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Interoperability Standards and the Procurement Process

Posted By Robert Shumate, Thursday, May 28, 2015
Updated: Wednesday, May 20, 2015

Procurement methods should seek to identify a framework within which information transfer and interoperability requirements may be implemented quickly and economically as future needs dictate. Rarely, if ever, will a buyer know at the time of procurement all of the possible information interactions that the system will need to handle in the future. Buyers should specify that products or custom solutions must embody implementations based upon open standards rather than proprietary methodologies. Established open standards are more likely to have implementations available from a wider selection of product or solution suppliers thus increasing your selection pool and offering flexibility for future expansion.

As in other areas of procurement, the buyer should refrain from proposing detailed specifications regarding the information exchange methods being sought and, instead, request providers to specify in detail how their solution will be able to deal with the implementation of future and as yet unknown exchange requirements. Buyers should concentrate on developing requirements that identifying those standards and specifications the supplier’s solution must incorporate. Buyers have a responsibility to ensure that they have adequate technical representation on their procurement governance committee to fully evaluate approaches to interoperability being offered by providers. If necessary, this may be a point at which obtaining outside technical expertise in evaluating suggested approaches may be well worth the cost.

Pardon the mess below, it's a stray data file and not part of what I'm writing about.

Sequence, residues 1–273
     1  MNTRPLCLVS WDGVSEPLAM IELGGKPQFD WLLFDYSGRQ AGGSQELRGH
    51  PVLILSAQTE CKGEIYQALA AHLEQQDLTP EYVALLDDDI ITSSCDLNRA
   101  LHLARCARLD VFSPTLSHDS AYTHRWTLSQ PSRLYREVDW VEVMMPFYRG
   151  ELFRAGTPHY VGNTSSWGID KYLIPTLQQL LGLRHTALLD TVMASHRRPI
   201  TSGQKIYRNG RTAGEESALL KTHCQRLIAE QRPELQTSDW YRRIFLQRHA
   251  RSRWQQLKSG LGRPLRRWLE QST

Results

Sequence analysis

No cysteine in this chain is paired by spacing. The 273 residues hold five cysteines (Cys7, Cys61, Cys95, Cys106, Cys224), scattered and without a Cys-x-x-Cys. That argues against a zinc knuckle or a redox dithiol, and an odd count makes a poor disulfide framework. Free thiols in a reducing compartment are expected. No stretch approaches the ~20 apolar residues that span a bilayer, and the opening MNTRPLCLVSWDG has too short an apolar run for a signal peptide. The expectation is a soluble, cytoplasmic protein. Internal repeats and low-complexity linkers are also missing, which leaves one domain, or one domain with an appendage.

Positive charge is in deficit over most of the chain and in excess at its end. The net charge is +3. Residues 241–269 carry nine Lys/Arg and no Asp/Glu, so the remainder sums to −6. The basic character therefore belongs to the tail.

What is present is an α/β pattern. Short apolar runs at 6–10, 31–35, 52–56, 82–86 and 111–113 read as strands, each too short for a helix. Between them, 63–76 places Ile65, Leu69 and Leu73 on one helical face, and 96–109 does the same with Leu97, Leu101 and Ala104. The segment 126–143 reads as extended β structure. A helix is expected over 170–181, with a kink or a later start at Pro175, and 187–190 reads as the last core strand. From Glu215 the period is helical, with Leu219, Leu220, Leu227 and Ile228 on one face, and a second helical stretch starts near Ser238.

Avoid the snare of narrowly selecting a solution that only addresses a currently known interoperability requirement and focus instead on seeking a broad framework to interoperability that offers an ongoing agile and economically feasible way to implementing interoperability requirement that may be required in the future. It is very important that you require Suppliers to describe in detail how provisioning of their interoperability services is accomplished focusing on cost and timing for provisioning a new endpoint.

Interoperability is generally defined as the ability of heterogeneous networks, applications, or components to exchange and use information. Unless you plan on living in isolation in an otherwise connected world, it is essential that you specify a set of interoperability standards that must be part of the solution that you are seeking. This is even more important if you do not have a well-defined Enterprise Architecture in place since this will provide a structure for you to participate in exchanging data with other systems in the future. In the following sections, we will discuss what an open standard is, how open standards fit in an interoperability framework and how to approach data transformations in defining interoperability in the procurement process.

Read the full article in the attached PDF.

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Tags:  interoperability  NIEM  open standards  procurement  web services 

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